AS HOSPITALS BUILD out hospital at home programs, what can hospitalists expect?
“Your EHR is going to change a bit, and you’re going to start seeing indicators that say, ‘This patient is currently in the hospital but they’re right for home hospital,’ ” said Michael Maniaci, MD, enterprise physician lead for Mayo Clinic’s hospital at home program. Dr. Maniaci spoke at the UCSF hospital medicine conference this fall. “When you’re rounding at our hospital and you look at your list online, a green light pops up with an indicator that says, ‘Out of your 18 patients, these three have the right zip code, payer and diagnoses to be treated in hospital at home.’ ”
To identify those appropriate patients, “we’re using new AI models that review charts, see if patients require inpatient care for more than 24 to 48 hours longer, and then look at all the factors that might make them a good candidate for hospital at home.”
Patients are then scored according to their home hospital eligibility. “That’s what we see in our Epic list,” Dr. Maniaci explained.
“Anyone in an isolated location who connects to Amazon through their phone could connect to a hospital at home center.”
Michael Maniaci, MD
Eligible patients are then approached about home hospital by a dedicated acquisition advanced practice provider. Having that dedicated APP has been key to growing program volumes.
Dr. Maniaci serves as the medical officer for his hospital in Florida, where hospital at home for most stable patients is now the standard. “If the patient has the right diagnosis and wants to join the program but his or her medical team declines, I now go to the hospitalist and say, ‘Why aren’t you putting that patient in home hospital?’ Everyone knows that if you’re not getting eligible patients ready for hospital at home, we’re going to have that conversation.”
He is one of a core group of 12 dedicated hospitalists who cover the hospital at home rotation. Right now, two hospitalists cover the daytime service, each capable of taking care of up to 15 to 20 patients scattered throughout the health system. As for consults, he puts that order in the EHR just as he would for a hospitalized patient.
Sometimes the resulting consult takes place virtually; an APP or nurse may visit the home to help facilitate that virtual consult. Or patients may need to visit a specialist in-person—but that happens, said Dr. Maniaci, for only 5% of his home hospital patients.
Regulations and the future
There’s no doubt that regulations and policies need to catch up with the growing model. “A lot of local, state and federal rules link high-acuity care to buildings,” Dr. Maniaci pointed out. “Those rules will have to change. It’s silly that I have to physically be inside a hospital to do my job.”
And right now, he has to maintain a license in every state in which he sees home hospital patients. “The pandemic loosened some of those rules, but unfortunately they’re back,” said Dr. Maniaci.
He and his colleagues with the Advanced Care at Home Coalition, a nationwide group of providers, are advocating for a national license to be able to provide virtual care anywhere in the country. “But as of today, you have to have a license in a state to be able to practice.” (Another resource: The Hospital at Home Users Group has lists of CME related to home hospital as well as a directory of leadership courses.)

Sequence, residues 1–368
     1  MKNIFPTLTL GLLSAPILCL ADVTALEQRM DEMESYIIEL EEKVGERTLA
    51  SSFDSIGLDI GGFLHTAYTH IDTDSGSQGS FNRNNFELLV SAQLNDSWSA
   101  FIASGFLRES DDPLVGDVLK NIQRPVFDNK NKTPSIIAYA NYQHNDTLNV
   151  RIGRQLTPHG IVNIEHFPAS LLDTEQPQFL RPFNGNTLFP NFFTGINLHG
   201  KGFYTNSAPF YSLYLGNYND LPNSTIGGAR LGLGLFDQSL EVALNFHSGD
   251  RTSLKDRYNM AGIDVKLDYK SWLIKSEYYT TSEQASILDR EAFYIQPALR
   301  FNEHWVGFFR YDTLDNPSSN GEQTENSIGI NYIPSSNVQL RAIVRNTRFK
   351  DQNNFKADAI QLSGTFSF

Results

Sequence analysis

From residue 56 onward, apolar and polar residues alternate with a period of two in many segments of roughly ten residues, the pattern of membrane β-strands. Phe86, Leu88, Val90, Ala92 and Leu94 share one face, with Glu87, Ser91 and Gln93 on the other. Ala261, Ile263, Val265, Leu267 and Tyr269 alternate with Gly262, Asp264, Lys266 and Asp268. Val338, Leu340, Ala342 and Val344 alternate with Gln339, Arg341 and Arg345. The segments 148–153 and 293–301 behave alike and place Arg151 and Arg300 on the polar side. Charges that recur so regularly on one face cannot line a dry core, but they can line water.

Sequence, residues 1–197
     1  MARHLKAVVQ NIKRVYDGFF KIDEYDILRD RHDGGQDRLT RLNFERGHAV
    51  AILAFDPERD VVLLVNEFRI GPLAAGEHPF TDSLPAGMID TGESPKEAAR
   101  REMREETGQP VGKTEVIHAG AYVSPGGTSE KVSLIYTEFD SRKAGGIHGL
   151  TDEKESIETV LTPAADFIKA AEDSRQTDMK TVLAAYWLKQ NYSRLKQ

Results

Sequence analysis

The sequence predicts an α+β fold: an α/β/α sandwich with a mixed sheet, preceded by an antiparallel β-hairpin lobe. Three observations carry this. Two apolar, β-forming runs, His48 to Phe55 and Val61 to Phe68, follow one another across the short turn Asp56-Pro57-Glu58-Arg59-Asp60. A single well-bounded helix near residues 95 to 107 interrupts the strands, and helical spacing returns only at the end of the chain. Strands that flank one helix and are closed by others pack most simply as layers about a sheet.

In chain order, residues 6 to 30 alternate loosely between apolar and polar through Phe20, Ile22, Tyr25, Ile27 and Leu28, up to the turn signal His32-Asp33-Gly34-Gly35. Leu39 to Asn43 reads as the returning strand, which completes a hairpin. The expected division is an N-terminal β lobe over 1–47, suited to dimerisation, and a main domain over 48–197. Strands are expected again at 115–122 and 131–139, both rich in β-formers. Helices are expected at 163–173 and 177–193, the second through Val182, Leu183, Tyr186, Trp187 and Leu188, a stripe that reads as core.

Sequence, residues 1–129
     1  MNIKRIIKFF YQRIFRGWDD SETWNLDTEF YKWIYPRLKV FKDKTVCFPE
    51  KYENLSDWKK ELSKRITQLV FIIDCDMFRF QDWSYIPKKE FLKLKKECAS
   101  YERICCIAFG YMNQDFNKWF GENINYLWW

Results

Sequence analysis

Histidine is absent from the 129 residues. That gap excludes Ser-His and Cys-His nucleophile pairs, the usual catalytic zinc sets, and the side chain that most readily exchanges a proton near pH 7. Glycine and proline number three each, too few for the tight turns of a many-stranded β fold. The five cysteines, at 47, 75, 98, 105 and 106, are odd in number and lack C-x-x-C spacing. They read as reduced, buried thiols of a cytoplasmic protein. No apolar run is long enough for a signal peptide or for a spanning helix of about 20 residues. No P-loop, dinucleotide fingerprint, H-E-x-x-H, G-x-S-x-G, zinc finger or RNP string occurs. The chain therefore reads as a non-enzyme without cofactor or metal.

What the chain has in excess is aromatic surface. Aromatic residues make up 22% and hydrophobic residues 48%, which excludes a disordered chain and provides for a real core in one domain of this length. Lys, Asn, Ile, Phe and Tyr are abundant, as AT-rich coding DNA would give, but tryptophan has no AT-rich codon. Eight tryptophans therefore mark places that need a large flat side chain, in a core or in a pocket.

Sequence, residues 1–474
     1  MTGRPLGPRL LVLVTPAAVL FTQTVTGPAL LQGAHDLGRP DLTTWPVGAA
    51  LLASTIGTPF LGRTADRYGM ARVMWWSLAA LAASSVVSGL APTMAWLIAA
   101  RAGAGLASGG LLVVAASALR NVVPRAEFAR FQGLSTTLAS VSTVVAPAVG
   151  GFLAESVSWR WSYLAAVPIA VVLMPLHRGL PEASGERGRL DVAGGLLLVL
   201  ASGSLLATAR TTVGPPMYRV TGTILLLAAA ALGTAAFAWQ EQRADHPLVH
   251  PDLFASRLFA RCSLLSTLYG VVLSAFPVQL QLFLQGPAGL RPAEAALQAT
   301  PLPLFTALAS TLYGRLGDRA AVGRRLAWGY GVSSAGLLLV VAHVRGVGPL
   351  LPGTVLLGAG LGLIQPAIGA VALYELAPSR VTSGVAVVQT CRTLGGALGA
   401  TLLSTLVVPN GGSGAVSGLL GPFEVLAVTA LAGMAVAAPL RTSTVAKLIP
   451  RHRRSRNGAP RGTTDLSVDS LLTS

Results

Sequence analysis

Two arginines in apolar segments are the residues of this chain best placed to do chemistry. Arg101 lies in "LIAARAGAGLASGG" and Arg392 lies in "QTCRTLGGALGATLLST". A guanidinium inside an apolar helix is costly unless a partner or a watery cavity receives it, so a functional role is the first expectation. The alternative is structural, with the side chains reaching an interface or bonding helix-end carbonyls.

As for the CMS continuing to pay for hospital at home, Dr. Maniaci said the pandemic waiver has been extended through the end of 2024, and he expects those waiver extensions to continue. “This environment is not going away,” he added. New billing codes have been established for delivering hospital services in the home, And private insurers who are starting to see improved outcomes are getting on board
“A lot of payers are buying home delivery resource companies,” Dr. Maniaci pointed out. “They see the future.”
Health care delivered in the home is moving fast beyond just inpatient care. Already, hospitals are experimenting with “ED at home,” bringing emergency care to patients at home with mobile imaging. Cancer centers are also starting to offer home chemotherapy.
As Dr. Maniaci sees it, “I really believe that many hospitals in the future will become surgery centers or ICUs. For a lot of the lesser acuity patients, care will be done in the home setting.”
He also believes that decentralized health care can begin to address the kind of health care inequities and lack of access that many patients face, as well as the needs of a growing elderly population who will be increasingly less mobile.
Is hospital at home on this scale just for the Mayos and Johns Hopkins’s of the medical world? Absolutely not, he maintained; the model is scalable for any community hospital.
“Anyone in an isolated location like rural South Dakota who connects to Amazon through their phone could connect to a hospital at home center,” Dr. Maniaci pointed out. Meanwhile, he believes that hospitalists will have to get ready to see patients not only in the hospital, but in new settings like a group home, a shelter or a hotel. “This isn’t really in the future because it’s going on now in more than 200 centers across the country.”
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Phyllis Maguire is Executive Editor of Today’s Hospitalist.